Are your maths skills up to scratch on National Numeracy Day?

Published by Rachel Lacey on 16 May 2018.
Last updated on 16 May 2018

Maths skills

Everybody is being encouraged to celebrate the importance of numbers in our everyday life today as part of National Numeracy Day.

An initiative led by KPMG, the day seeks to bring members of the public together with employers and teachers to improve numeracy skills across the UK and echoes Moneywise’s long-standing campaign to Get Financial Education Working.

From getting the best deal when we’re shopping to managing family finances and understanding our pay slips, numeracy skills are an important part of daily life.

However, despite this, the organisers of National Numeracy Day claim half of working adults have the equivalent numeracy skills of a primary school child. 

Moneywise believes the best time to learn about personal finance and how to manage money is as a child in school. Yet with financial education only featuring on the perimeter of the national curriculum for secondary school children, provision remains patchy and ad hoc.

This is why Moneywise introduced the Personal Finance Teacher of the Year Competition as part of its campaign, to reward those schools and teachers who are committed to teaching children about money and how to manage it.

The competition has now closed and the Moneywise team is meeting with Julian Knight MP and personal finance editor of the Mail on Sunday Jeff Prestridge, along with representatives from Young Enterprise and our sponsor F&C to judge entries this week, before announcing the winners at the Moneywise Customer Service Awards 2018 on 7 June.

Watch this space for the results but, in the meantime, you can find out how your number skills stack up with the National Numeracy Day quiz – and if you don’t do as well as you would hope, get some tips on how to beef up your maths ability.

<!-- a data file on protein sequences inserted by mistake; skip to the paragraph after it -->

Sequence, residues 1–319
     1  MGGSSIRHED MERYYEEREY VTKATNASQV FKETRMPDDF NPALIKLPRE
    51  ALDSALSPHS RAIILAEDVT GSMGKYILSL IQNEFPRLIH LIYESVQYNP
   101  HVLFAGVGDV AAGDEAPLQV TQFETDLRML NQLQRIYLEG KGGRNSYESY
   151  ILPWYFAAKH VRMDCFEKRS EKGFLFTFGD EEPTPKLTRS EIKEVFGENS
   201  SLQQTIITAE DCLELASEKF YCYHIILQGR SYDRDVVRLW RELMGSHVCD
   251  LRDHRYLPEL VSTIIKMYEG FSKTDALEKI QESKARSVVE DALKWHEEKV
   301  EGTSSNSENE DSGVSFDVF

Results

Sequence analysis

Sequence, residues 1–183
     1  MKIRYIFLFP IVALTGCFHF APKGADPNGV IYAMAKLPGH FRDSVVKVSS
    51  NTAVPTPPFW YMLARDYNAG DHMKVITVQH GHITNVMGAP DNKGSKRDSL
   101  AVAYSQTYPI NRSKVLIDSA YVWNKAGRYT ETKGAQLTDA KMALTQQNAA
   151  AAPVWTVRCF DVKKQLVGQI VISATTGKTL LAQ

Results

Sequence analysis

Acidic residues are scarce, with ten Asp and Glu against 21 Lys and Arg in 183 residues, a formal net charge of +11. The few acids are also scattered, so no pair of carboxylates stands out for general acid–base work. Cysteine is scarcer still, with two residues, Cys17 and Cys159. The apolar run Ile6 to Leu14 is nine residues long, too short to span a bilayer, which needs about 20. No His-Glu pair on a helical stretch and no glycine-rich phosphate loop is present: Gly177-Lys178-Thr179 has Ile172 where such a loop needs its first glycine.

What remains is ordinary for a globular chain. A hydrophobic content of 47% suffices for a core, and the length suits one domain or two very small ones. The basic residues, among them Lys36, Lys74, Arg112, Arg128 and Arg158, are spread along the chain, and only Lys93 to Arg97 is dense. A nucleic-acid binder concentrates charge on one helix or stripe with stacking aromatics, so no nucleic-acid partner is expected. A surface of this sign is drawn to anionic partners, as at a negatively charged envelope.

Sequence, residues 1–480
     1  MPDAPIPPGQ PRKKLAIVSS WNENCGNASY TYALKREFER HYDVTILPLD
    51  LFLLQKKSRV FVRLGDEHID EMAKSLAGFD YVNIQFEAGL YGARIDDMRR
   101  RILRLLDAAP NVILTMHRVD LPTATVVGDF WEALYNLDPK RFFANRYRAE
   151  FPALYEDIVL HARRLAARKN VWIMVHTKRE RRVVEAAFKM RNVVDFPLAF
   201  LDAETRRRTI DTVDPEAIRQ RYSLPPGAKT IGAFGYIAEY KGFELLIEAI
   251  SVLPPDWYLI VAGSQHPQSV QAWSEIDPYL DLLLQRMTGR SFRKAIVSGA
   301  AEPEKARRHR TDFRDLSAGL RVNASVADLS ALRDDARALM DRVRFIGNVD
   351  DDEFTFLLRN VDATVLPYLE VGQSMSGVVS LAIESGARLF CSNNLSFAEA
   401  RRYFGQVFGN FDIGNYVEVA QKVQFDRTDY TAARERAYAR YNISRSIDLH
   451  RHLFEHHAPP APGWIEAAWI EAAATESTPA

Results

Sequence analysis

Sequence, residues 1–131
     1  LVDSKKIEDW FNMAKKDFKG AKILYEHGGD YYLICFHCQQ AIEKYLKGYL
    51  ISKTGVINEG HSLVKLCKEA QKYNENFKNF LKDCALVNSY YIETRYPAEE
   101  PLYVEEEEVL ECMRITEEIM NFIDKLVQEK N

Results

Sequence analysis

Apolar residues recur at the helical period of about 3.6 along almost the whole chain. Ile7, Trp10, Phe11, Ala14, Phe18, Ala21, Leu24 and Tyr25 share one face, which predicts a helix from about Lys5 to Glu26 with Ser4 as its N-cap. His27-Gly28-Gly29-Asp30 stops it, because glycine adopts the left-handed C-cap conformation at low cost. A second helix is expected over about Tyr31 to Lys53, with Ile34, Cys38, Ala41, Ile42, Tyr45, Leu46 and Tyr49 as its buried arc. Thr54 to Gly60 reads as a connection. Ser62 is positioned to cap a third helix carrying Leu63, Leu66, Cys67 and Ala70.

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I scored 99/100 on their

I scored 99/100 on their National Numeracy Day quiz, and I disagree with the one answer they adjudged me to have got wrong. The question asked:

This was the attendance at 3 football matches one day, each rounded to the nearest 1,000. What's the largest total number of people who attended the 3 matches on the day?

City 28000
United 16000
Rovers 23000

The possible answers given were:

1. 68,500
2. 68,497
3. 68,499
4. None of these

The problem is that there is more than one correct answer because there is more than one method of rounding numbers. The possible options are shown here:

Essentially the question is how you round 0.5. One method is that 5, 6, 7, 8 and 9 are always rounded up, so that 1.5 rounded to the nearest integer is 2, 2.5 is 3 and so on. However, there is another method popularly known as bankers’ rounding (which naturally I prefer, as a retired banker) that rounds 0.5 down if it follows an even number and rounds it up if it follows an odd number. With this method 1.5 is rounded up to 2 to the nearest integer, and 2.5 is rounded down to 2.

Using the latter method the highest attendances would have been City 28,500, United 16,500 and Rovers 23,499 for a total attendance of 68,499. I presume that the answer they deemed correct was 68,497 (28,499 + 16,499 + 23,499) but given the lack of a universally accepted convention on rounding methods, I would contend that it is only one of two answers that could be regarded as equally correct.